When I click the mouse outside the area of my floating window, the runtime doesn't return any event to my program. Why?
This is normal behavior under Windows. Windows delivers the mouse message to the top-most window in which the mouse is located. If the mouse isn't clicked within the floating window, it never receives any indication that a mouse event occurred. The only way to receive such events is to capture the mouse, but that prevents the mouse from being used by any other application. Ordinarily, the mouse should be captured only when the user is marking or dragging some object on the screen.
How can I trap the CMD-CLOSE event when the user closes the application by selecting the Close option of the System Menu? I need to be able to close files and perform an orderly shutdown.
Look at the QUIT-MODE runtime configuration variable. QUIT_MODE allows you to handle this event in a program-defined way, or in a variety of pre-defined ways.
I don't see any references to Dialog Boxes. How do I build one?
Under ACUCOBOL-GT, a Dialog Box is simply a floating window. You can specify many options when creating the window, but the basic Dialog Box is declared with:
DISPLAY FLOATING WINDOW, LINES height, SIZE width, BOXED, HANDLE IN handle-data-item
Common additions include a TITLE and SYSTEM MENU. You can then populate the Dialog Box with DISPLAY control-type statements. Or a better alternative is to define a Screen Section group item that describes all the Dialog Box contents and then just DISPLAY that group item.
Which of the Windows Common Dialog Boxes can I create directly from ACUCOBOL-GT?
Five are available via ACUCOBOL-GT library routines. The ChooseColor dialog box can be found in W$PALETTE. The PrintDialog setup box is available in WIN$PRINTER. The file Open and Save-as dialog boxes are available in C$OPENSAVEBOX. W$FONT has the ChooseFont dialog box. Other Windows Common Dialogs are not directly available, though they can be accessed indirectly through C.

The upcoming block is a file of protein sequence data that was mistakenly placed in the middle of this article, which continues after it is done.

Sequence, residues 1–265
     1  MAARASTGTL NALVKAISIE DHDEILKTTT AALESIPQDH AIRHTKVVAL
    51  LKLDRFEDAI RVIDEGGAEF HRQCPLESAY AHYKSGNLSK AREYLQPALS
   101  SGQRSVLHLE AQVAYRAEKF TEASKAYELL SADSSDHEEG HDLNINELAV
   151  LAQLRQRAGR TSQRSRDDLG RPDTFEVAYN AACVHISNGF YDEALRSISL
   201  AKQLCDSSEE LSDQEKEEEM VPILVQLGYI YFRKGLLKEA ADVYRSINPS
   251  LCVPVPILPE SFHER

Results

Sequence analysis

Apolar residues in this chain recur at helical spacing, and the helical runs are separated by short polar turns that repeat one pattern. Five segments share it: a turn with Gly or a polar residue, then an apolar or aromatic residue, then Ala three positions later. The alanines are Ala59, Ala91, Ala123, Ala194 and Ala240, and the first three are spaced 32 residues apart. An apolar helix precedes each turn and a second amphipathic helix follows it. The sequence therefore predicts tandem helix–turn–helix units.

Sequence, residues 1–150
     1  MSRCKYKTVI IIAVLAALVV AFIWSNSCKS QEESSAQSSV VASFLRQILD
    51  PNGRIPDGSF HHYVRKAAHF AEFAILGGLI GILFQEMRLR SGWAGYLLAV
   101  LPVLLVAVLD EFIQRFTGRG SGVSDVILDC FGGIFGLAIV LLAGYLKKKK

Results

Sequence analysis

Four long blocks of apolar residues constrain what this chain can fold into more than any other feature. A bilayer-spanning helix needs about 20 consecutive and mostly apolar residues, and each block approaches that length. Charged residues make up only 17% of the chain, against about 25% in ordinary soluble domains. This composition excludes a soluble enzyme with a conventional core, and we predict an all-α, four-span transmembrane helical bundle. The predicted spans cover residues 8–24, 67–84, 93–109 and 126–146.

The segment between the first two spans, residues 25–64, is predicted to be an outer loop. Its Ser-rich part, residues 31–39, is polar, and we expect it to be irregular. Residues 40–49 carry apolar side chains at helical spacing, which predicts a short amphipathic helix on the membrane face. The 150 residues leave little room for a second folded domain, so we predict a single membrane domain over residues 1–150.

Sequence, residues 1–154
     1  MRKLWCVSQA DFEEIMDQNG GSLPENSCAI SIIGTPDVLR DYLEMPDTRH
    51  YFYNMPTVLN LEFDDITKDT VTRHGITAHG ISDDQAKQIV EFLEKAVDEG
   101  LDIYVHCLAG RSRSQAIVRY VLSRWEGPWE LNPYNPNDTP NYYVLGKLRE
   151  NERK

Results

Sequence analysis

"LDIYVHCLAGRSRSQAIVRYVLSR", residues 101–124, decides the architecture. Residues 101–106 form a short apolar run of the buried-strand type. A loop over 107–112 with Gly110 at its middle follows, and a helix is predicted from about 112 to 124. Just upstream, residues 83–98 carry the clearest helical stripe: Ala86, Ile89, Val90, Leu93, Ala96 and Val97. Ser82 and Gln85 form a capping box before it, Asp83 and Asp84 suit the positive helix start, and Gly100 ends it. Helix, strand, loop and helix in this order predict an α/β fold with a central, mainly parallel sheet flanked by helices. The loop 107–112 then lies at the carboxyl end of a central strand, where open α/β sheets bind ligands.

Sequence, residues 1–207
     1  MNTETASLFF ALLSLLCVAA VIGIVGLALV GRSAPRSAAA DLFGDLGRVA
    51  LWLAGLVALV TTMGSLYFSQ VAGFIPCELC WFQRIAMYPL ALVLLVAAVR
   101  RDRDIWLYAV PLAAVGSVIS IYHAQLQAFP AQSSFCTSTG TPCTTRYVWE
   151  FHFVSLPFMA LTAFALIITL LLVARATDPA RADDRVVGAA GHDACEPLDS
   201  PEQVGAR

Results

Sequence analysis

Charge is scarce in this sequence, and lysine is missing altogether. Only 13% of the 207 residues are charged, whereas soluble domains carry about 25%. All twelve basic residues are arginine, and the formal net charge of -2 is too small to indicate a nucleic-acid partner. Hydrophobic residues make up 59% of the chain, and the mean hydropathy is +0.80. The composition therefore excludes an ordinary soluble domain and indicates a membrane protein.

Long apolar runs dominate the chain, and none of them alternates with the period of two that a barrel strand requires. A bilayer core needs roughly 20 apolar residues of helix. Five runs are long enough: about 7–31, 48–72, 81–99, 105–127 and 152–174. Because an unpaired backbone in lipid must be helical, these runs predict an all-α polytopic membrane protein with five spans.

How do I handle a dialog box that doesn't have any entry fields, for example a dialog box with only push buttons?
All controls are handled in the same general fashion. This means that you can ACCEPT a push button just as you do an entry field. Push buttons are a little strange in that they don't have values, but they do provide a termination value, just as regular fields. The following is sample code for a simple dialog box that prompts for verification before terminating the application. The line and column numbers may need to be adjusted to improve appearance.
*Screen section 01 shutdown-screen. 03 label "This will end your application", line 2, column 3. 03 push-button, ok-button, line 4, column 10. 03 push-button, cancel-button, column 20. *Procedure Division display floating window, size 30, lines 5, title "Application Shutdown", handle in shutdown-window. display shutdown-screen. perform, with test after, until key-status = 13 or 27 accept shutdown-screen on exception key-status continue end-accept end perform. destroy shutdown-window. if key-status = 13 perform shutdown-windows.
I'd like to minimize my COBOL application when I switch tasks, but a child window is open, and I can't access the minimize button of the main application window. Why?
The child window is a modal window. As long as a modal window is open, you cannot get to any other application window. To minimize the application, you must first close all child windows.
If the current window were a modeless window, you could switch to a different window without closing the first one. ACUCOBOL-GT Version 3.2 and later supports the creation of modeless windows.
I want to create a toolbar large enough to host bitmap buttons that are 36 pixels square. How do I do that?
All you need to do to is to create a toolbar window that is tall enough to handle 36 pixels (or any height you want). When you create the bitmap buttons, be sure to specify the exact size of your buttons. For example, to handle 36-pixel square bitmap buttons, try creating a toolbar four lines high. Remember, you can use fractional line values to create a toolbar that is exactly the height you want. See Procedure Division Statements and Bitmap Buttons for more information about toolbars and bitmap buttons.